From learning to drive with her mom to spending time with her aunt and uncle to traveling around an imagined India (with Pri’s guides: an elephant named Kanta and a peacock named Mayur) are just the start to Pri’s adventures. As Pri travels to present day India and reunites with her Mausi and Mausa, questions about her own identity are answered. Goddess Shakti, as a character, is subtly present at the beginning and prominently towards the final pages. The presence of a desi dialog and other cultural markers (especially food) make Pashmina a part of the familiar for South Asian audiences.
An automatic favorite line, “Have you ever eaten a mango off a tree?”
Pashmina captures vividly through its diasporic threads what matters: family (blood and chosen), community, longing for homeland, faith, true independence, and mother-daughter relationships. Chanani’s art, especially the pages in color, is powerful. Bright color combinations and the artistic choices present in the illustrations all contribute to a magical, happy, and overall, positive piece.
Pashmina, in terms of representation of South Asian art and literature in the U.S., is a wonderful addition.
Born and brought up in the idyllic Kashmir, Sunayana Kachroo is one of those poets and creative artists of the Indian Diaspora whose poems, lyrics and stories are replete with the tenderness and nostalgia of an emotionally fraught Kashmir. Her first poem was published at the age of 15, and since then, through her poetic journey she has explored different forms of poetic expressions like Kavita, English Poems, Nazms and Dohe. Through heavily influenced by the lyrical microcosm of Gulzar Saab, she has created her own niche, endorsed by celebrities, filmmakers and theater personalities. Her oeuvre has been vast and impressive, encompassing poetry and lyrics, dialogue writing for films, collaboration with musicians et al. Sunayana’s short film “In search of America – Inshallah” was selected for the Short Film Corner at Cannes 2015. She has also been featured as a poet and panelist for prestigious events, including the Bangalore Literature Festival 2014, Harvard University’s Annual Poetry Reading event sponsored by South Asia Institute, South Asian Women’s Conference, Waltham, MA, among other places. In a tete-a-tete with Sunayana, we talk about her journey as a poet, lyricist and creative artist.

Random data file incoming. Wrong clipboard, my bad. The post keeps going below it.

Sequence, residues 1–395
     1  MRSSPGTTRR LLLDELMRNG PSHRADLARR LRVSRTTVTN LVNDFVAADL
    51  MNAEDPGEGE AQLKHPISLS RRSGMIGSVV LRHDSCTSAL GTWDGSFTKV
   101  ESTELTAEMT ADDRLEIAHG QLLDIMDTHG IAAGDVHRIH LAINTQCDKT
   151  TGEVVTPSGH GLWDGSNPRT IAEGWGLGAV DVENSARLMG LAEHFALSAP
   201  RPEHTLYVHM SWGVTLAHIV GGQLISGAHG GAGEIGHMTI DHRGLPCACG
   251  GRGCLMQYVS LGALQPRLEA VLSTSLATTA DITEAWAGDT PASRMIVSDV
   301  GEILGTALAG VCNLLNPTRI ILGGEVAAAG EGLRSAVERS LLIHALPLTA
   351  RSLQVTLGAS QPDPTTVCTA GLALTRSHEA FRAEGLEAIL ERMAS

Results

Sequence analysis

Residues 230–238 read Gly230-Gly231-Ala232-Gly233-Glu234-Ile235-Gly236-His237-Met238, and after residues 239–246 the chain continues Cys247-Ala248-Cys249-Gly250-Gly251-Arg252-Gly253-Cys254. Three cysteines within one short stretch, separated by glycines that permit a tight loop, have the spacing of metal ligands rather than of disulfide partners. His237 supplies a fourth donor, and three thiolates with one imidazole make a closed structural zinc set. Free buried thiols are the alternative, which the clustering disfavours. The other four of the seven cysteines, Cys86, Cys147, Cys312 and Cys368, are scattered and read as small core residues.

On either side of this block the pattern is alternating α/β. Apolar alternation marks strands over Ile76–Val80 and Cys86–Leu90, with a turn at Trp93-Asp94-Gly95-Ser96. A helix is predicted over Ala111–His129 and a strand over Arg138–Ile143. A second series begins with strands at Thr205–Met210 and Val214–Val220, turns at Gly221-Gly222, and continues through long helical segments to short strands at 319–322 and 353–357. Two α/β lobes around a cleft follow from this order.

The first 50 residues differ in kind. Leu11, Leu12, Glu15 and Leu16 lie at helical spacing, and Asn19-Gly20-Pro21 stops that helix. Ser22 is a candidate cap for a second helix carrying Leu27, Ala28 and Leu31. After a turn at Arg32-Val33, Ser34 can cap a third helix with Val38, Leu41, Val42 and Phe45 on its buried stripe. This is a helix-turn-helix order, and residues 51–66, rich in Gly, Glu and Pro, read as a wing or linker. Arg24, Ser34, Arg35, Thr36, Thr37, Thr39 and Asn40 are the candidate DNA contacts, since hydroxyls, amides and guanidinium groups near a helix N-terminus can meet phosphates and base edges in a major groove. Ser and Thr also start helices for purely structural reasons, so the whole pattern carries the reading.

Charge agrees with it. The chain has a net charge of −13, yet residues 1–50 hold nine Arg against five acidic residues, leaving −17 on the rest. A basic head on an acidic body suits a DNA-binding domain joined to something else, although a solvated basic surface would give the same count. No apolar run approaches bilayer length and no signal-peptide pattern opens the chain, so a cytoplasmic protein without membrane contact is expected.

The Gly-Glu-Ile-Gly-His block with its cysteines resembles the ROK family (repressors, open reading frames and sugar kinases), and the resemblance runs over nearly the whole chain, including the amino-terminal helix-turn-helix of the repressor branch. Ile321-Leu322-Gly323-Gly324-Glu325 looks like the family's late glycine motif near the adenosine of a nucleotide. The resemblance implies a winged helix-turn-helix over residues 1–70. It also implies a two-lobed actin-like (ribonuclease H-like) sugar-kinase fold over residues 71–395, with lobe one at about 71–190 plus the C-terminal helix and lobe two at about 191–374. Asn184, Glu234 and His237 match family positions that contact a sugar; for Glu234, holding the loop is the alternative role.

Lopa Banerjee: Hello Sunayana, it feels great to have you here. From your first poetry collection titled Waqt Se Pare [Beyond Time] to being chosen as the Star Performer for the upcoming New England Choice Awards, it surely has been a heady journey for you! Carl Sandburg had once famously said: “Poetry is an echo, asking for a shadow to dance.” How did you get the calling of that echo, that muse, and how do you perceive this shadow dance of yours, evolving and gaining momentum year after year?
Sunayana Kachroo: When we sow a seed, we do not see the sapling for a while and then one fine day, it fights the gravity enough to come out. For someone who doesn’t understand this process they may feel that it happened overnight but we know that is not the case. Although, I did publish my book in 2013, I have been writing on and off for a while. My father had a huge library of books and I had “A Tale of two cities” in my hand even before I could walk. There was a lot of music in the house, that I feel must have been marinating somewhere in my subconscious. Music also helped me escape the pain that I saw all around me when the migration of Kashmiri Pandits happened in 1990. Most of my memories have songs attached to them. I have been a big fan of Jagjit Singh ji, Madam Mohan ji’s compositions, RD Burman-With Gulzar Saab and Gulzar Saab’s poetry.
Lopa Banerjee: Whatever much I know about your journey from the idyllic valleys of Kashmir to Boston, the cultural epicenter of the east coast of America, it is about dramatic transitions. With a computer science degree from the Pune University, India, the transition as a software analyst in the US might still be considered as a known and expected trajectory. However, I must say that your transition from a software professional to a poet and creative writer, a lyricist with the mission to promote poetry is a unique and exceptional once. When would you say you felt this transition from within, and how did you go about it?
Sunayana Kachroo: I do not think that one can plan a creative transition, it just happens. I moved to the United States in 2000, hoping to work here for a couple of years and then move back to India. Life had other plans and here I am 17 years later, telling you that I never feel settled anywhere. Home is no longer a place, it is in this moment of transition. In the year 2010, a couple of months after my son was born, I was waiting in the parking lot of a restaurant and I wrote my first few lines, I shared those on Facebook. A few of my very generous friends appreciated and encouraged me to write more. I think I have to thank Mark Zuckerberg a lot.